Clothing retailer H&M has been slapped a $40-million penalty after it was found guilty of spying on its employees.
According to a report by The Independent quoting Hamburg’s data protection commissioner Johannes Caspar, H&M was found collecting private information about employees at a customer service centre in Nuremberg, Germany.
Information range from harmless details to family issues and even religious beliefs.
Up to 50 managers were able to access private information “to obtain a detailed profile of employees for measures and decisions regarding their employment,” according to the statement.
“The combination of collecting details about their private lives and the recording of their activities led to a particularly intensive encroachment on employees’ civil rights,” the data protection commissioner said.
The privacy violation was discovered after the information went briefly visible to all people on the company network.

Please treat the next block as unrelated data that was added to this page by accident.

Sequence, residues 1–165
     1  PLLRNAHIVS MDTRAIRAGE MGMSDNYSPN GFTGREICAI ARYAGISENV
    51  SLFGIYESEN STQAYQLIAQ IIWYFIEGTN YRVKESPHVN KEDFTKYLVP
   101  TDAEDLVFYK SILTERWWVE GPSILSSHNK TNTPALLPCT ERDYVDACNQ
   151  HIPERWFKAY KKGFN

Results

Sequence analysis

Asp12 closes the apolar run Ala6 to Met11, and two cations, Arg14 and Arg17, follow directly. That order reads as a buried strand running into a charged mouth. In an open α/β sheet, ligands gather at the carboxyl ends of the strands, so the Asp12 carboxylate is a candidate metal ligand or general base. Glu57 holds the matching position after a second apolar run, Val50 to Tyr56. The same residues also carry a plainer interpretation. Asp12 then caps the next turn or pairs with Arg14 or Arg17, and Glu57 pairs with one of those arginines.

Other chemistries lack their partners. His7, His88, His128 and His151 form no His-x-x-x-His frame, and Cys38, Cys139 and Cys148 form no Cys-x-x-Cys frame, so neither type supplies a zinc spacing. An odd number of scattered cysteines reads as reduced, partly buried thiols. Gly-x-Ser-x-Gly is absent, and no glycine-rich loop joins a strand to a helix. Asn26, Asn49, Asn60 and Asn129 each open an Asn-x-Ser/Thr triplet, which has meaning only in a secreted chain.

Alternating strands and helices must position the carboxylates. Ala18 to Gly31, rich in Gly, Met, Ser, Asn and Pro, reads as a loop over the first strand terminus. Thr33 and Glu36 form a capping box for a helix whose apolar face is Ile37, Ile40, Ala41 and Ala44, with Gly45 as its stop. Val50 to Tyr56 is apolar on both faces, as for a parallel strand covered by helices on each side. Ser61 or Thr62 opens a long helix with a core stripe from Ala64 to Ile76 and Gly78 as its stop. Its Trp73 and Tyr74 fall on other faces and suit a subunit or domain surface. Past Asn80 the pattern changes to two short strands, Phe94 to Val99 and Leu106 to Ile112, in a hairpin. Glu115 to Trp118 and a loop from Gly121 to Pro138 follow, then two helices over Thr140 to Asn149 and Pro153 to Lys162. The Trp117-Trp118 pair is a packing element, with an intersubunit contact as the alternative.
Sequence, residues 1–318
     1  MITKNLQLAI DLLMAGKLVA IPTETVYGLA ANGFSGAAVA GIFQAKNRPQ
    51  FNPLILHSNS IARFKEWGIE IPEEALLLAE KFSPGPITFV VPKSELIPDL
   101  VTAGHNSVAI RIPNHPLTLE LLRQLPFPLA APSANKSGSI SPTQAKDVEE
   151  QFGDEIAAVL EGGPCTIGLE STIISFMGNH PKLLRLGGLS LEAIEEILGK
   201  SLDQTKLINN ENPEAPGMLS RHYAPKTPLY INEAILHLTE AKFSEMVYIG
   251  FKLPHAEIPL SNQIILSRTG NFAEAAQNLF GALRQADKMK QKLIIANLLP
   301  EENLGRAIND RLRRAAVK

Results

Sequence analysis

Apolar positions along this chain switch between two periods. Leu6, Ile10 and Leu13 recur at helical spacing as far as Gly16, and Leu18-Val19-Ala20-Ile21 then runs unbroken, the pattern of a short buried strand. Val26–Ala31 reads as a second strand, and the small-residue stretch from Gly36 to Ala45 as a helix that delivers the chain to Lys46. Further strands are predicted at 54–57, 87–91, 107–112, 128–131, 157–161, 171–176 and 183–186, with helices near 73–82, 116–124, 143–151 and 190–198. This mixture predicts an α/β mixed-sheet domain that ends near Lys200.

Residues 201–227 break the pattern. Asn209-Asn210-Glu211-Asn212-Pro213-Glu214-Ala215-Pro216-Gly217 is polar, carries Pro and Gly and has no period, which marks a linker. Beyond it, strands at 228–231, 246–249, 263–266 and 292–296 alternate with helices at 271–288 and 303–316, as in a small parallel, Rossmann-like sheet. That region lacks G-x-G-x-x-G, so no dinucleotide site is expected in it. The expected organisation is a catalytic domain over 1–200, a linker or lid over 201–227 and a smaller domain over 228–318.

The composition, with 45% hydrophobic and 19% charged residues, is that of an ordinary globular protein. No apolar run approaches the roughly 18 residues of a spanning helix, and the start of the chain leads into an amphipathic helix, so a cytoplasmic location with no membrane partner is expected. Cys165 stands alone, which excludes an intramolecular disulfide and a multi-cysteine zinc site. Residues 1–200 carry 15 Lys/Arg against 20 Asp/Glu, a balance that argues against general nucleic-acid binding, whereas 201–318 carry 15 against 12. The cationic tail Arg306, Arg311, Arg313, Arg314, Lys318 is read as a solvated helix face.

In a statement, H&M said it was taking full responsibility while apologising unreservedly to its employees.
It said it would review the penalty imposed.
Caspar welcomed H&M’s decision to pay compensation to employees at the Nuremberg service centre and take measures to prevent data privacy breaches anew.
“[The steps] show the intention to give the employees the respect and appreciation they deserve as dependent workers in their daily work for their company,” Caspar said.
H&M is a Sweden-based low-cost retailer with stores located globally.
Amid the coronavirus pandemic, the company was planning to shut down 250 stores as customers have turned to online shopping.
Sales have recovered in September but were nonetheless 5% lower than its sales posted in the same month last year.
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